Please use this identifier to cite or link to this item: http://hdl.handle.net/11434/164
Title: Longitudinal follow-up of patients with traumatic brain injury: Outcome at 2, 5 and 10 years post injury.
Epworth Authors: Ponsford, Jennie
Downing, Marina
Olver, John
Acher, Rose
Carty, Meagan
Spitz, Gershon
Keywords: Traumatic Brain Injury
Follow-Up Studies
Outcome Assessment (Health Care)
Outcomes Assessments, Patient
Monash-Epworth Rehabilitation Research Centre, Epworth HealthCare, Richmond, Victoria, Australia.
TBI
Structured Outcome Questionnaire
Issue Date: Jan-2014
Citation: J Neurotrauma. 2014 Jan 1;31(1):64-77
Abstract: ABSTRACT: The deleterious consequences of traumatic brain injury (TBI) impair capacity to return to many avenues of pre-morbid life. However, there has been limited longitudinal research examining outcome beyond five years post-injury. The aim of this study was to examine aspects of function, previously shown to be affected following TBI, over a span of 10 years. One hundred and forty one patients with TBI were assessed at two, five, and 10 years post-injury using the Structured Outcome Questionnaire. Fatigue and balance problems were the most common neurological symptoms, with reported rates decreasing only slightly during the 10-year period. Mobility outcomes were good in more than 75% of patients, with few participants requiring aids for mobility. Changes in cognitive, communication, behavioral, and emotional functions were reported by approximately 60% of the sample at all time points. Levels of independence in activities of daily living were high during the 10-year period, and as many as 70% of subjects returned to driving. Nevertheless, approximately 40% of patients required more support than before their injury. Only half the sample returned to previous leisure activities and fewer than half were employed at each assessment time post-injury. Although marital status remained stable over time, approximately 30% of participants reported difficulties in personal relationships. Older age at injury did not substantially alter the pattern of changes over time, except in employment. Overall, problems that were evident at two years post-injury persisted until 10 years post-injury. The importance of these findings is discussed with reference to rehabilitation programs.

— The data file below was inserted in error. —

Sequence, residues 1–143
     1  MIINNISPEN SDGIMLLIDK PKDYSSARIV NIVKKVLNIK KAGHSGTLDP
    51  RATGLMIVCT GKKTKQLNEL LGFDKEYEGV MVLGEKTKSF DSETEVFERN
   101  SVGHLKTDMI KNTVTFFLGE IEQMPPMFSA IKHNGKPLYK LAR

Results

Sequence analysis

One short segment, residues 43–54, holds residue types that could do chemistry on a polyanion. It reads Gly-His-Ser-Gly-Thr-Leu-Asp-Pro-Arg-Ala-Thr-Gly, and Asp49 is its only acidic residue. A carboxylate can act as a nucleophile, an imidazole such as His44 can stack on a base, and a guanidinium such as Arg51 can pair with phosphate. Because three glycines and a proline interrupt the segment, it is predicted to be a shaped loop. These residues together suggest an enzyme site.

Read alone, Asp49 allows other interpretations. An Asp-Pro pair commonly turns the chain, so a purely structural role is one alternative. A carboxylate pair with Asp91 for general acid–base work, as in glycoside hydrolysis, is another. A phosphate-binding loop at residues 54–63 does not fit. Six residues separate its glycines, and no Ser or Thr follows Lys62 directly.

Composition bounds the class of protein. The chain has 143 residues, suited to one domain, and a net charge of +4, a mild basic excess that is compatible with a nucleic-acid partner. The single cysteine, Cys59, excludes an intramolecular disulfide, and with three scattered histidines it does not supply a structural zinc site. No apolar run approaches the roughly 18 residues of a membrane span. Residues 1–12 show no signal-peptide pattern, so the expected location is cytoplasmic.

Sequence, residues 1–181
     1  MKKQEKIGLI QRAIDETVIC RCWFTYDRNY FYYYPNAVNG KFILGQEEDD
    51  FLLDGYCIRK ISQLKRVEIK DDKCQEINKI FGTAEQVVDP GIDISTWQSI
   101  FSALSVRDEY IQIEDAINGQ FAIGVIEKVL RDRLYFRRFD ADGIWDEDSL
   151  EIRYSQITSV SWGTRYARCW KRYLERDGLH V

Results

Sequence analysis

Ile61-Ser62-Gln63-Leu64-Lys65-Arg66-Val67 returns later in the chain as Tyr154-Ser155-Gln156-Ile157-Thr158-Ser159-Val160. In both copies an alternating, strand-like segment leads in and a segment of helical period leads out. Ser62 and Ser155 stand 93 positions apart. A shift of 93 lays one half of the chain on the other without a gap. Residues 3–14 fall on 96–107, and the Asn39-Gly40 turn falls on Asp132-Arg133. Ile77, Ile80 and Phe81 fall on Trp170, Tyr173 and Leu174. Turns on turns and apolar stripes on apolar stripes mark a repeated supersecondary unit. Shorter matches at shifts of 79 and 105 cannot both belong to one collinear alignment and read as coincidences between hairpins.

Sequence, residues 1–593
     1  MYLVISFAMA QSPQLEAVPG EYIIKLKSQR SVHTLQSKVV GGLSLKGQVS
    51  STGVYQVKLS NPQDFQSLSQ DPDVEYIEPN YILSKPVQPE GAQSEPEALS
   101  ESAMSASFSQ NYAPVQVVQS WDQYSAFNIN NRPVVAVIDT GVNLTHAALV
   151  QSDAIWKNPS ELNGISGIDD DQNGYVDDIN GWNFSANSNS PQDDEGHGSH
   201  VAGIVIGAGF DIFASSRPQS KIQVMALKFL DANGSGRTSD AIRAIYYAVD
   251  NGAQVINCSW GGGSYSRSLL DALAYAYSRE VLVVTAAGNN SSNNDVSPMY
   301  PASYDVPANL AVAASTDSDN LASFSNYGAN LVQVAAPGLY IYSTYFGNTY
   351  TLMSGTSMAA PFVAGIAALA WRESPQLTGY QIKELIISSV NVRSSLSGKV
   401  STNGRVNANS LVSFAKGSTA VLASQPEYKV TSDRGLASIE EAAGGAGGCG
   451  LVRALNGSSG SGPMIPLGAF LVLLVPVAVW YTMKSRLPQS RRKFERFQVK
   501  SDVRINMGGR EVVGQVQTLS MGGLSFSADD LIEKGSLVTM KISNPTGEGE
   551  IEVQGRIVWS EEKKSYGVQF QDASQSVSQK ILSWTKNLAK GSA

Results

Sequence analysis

DOI: 10.1089/neu.2013.2997
PubMed URL: http://www.ncbi.nlm.nih.gov/pubmed/23889321
ISSN: 0897-7151
Journal Title: Journal of Neurotrauma
Type: Journal Article
Affiliated Organisations: School of Medicine, Monash University, Melbourne, Victoria, Australia.
School of Psychology and Psychiatry, Monash University, Melbourne, Victoria, Australia.
National Trauma Research Institute, Melbourne, Victoria, Australia.
Type of Clinical Study or Trial: Cohort Study
Appears in Collections:Neurosciences
Rehabilitation

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